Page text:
Parents of players who have played for Matthies echoed those sentiments: "Nina had a big impact on our daughter," said Jay Rubenstein, a member of Pepperdine's Athletics Board and father of Julie Rubenstein, a 2008 AVCA All-American and four-time All-West Coast Conference performer. "When Julie arrived at Pepperdine, my wife and I did not even know if she would play, let alone start and play in every set for four years.  Nina taught her how to compete at a high level. She cares deeply about "her girls" and she is passionate about her job. I think the fact that Julie played professionally after Pepperdine and is now coaching herself is a testimony to Nina."

In 31 years of coaching, Matthies has amassed a record of 588-342. She entered the 2013 season ranked 19th amongst active coaches with a win tally of 575.   By the end of this season's campaign, Matthies will have no less than 933 matches under her belt.

The longest tenured coach in WCC history, Matthies' name is etched in the conference annals. Her teams have gone 318-89 since the league began sponsoring women's volleyball in 1985. That win total ranks No. 1 by more than 100 and is more than double the total of any active coach in the conference.

"The first thing that strikes me is how rare it is for a coach to have a 30+ year career at one place," continued Potts. "What an accomplishment. Her commitment to this program, to this institution, you just don't see it happen much these days.

"What also stands out about Nina to me is how competitive she is," Potts said. "She has been a champion in everything she's done. She is a champion. That word gets thrown around a lot, but it's true. As a player, both indoors and on the beach, and as a coach, she is a champion. That's a rare combination."

Matthies' success as a player began at UCLA, when she captained the Bruins to AIAW national titles in both 1974 and 1975. In 1987, her #36 jersey was retired. In 1997, she was honored as one of "The 25 Greatest Players in UCLA History."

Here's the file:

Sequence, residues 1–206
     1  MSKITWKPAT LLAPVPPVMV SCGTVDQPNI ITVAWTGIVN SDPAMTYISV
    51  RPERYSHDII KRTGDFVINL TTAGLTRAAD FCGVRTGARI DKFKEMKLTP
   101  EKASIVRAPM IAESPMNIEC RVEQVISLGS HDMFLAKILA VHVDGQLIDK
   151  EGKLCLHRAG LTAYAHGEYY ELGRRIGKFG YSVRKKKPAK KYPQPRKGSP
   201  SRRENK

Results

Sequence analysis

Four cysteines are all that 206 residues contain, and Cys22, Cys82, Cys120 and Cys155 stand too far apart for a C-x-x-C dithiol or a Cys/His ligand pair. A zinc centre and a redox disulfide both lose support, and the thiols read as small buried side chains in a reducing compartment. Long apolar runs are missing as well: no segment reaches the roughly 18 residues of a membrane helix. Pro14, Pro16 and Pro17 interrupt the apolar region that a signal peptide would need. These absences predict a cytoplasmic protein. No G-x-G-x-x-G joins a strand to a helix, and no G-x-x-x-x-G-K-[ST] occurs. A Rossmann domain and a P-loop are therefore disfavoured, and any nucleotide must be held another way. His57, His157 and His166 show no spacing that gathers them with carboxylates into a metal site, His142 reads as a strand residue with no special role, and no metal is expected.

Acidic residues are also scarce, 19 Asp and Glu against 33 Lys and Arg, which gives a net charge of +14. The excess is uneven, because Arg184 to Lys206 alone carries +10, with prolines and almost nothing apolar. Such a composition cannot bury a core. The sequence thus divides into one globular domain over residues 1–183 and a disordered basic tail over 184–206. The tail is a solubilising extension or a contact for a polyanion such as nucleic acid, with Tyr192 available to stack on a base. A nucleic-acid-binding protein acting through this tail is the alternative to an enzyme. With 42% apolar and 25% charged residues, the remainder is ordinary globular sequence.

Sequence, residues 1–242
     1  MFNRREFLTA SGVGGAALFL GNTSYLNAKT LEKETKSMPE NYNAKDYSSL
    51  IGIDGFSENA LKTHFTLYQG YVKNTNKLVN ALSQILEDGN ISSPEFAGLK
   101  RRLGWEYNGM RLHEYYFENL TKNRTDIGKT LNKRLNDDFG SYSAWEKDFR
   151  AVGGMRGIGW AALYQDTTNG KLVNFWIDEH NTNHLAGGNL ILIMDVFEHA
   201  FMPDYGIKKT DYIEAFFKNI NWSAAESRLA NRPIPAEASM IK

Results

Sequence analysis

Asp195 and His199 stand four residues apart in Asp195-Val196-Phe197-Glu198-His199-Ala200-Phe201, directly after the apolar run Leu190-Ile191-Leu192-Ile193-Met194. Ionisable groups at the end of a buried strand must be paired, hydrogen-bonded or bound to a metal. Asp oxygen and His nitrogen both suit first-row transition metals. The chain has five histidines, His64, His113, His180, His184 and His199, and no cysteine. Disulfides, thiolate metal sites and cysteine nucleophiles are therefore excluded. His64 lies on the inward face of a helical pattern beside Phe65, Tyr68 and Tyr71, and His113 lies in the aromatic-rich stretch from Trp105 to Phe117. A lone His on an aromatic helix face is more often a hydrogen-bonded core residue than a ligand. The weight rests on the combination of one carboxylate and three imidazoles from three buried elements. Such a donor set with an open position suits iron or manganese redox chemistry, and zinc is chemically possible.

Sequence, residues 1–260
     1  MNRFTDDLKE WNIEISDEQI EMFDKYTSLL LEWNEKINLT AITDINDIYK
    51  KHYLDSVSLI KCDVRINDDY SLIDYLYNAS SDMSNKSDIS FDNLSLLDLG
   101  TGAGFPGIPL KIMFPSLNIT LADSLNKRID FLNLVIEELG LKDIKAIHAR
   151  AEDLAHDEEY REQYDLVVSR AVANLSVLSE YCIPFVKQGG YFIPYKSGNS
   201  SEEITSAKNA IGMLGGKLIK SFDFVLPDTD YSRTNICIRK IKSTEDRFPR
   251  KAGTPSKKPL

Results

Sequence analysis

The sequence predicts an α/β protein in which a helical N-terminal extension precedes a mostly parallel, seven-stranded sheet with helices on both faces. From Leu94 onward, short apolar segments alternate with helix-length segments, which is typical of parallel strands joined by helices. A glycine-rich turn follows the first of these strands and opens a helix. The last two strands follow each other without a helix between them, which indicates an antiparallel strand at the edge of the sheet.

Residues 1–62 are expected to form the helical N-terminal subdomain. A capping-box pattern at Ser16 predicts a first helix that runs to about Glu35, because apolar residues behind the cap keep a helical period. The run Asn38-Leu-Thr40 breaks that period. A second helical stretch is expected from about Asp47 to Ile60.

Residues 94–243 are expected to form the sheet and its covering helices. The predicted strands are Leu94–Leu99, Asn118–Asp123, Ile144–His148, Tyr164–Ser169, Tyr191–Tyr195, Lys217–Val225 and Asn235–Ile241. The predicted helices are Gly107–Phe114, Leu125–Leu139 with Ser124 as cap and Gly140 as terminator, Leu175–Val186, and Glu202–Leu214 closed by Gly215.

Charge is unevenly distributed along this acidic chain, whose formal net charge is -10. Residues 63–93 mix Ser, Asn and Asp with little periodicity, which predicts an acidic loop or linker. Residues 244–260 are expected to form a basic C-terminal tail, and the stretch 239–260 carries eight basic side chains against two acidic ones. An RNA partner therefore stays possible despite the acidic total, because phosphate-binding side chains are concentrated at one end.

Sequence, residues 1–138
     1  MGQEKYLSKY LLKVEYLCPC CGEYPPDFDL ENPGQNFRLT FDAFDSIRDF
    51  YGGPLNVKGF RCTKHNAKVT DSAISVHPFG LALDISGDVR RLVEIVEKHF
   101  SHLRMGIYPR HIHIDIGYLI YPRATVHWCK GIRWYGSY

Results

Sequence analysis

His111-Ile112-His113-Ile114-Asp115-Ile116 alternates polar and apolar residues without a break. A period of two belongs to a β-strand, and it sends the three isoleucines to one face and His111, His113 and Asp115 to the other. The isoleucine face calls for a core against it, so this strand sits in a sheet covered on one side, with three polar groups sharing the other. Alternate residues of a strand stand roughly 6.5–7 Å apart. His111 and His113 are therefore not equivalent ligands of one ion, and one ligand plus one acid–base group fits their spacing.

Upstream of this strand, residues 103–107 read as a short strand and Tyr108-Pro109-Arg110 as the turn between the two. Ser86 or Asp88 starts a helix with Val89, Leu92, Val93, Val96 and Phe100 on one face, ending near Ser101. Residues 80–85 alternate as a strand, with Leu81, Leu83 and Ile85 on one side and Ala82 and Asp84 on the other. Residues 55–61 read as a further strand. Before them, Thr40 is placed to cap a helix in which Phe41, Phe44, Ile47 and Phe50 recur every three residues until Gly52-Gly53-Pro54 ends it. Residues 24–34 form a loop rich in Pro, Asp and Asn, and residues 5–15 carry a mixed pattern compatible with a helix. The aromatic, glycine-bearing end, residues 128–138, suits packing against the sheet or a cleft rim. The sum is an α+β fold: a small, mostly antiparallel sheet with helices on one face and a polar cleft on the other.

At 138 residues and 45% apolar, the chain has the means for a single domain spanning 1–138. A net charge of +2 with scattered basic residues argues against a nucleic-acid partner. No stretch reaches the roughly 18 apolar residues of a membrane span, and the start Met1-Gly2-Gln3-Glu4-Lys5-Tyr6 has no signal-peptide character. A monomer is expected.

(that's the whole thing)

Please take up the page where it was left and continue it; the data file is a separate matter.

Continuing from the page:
"I haven't had a fall off since 1973," joked Matthies, "To think that I don't have to be in the gym next fall, I just can't imagine it."

While enjoying a successful indoor career, Matthies also competed on the beach, where she was widely recognized as one of the world's top volleyball players. In 139 career starts on the beach, she won 43 titles and earned 93 podium finishes. She officially retired from competition following the 1992 summer campaign.

In December 2004, she was honored with seven plaques at the legendary Manhattan Beach Volleyball Walk of Fame. The plaques represented each one of her Manhattan Beach Open titles. Her success on the beach also landed her a spot in the Beach Volleyball Hall of Fame.

Matthies will continue to live out her passion of beach volleyball as the head coach of Pepperdine's sand volleyball team. The Waves have been the team to beat since the sport emerged in 2012, winning the inaugural AVCA Collegiate Sand Volleyball National Championship and finishing runner-up in 2013. She has mentored eight AVCA All-American selections, more than any other sand volleyball program, including Summer Ross, an Olympic hopeful for the 2016 Games in Rio de Janeiro, Brazil.

In 2013, she was rewarded as the first-ever recipient of the AVCA Collegiate Sand Volleyball Coach of the Year award.

"We have the best sand volleyball coach in the country," said Potts. "I'm thrilled that we get to keep her involved and give her the opportunity to build another championship team, another championship program."

Barring a nod into the 2013 NCAA Tournament, just three matches remain for Matthies and the Waves this season. After playing in the home finale on Saturday, Pepperdine concludes the regular season at San Francisco (11/21) and Santa Clara (11/23).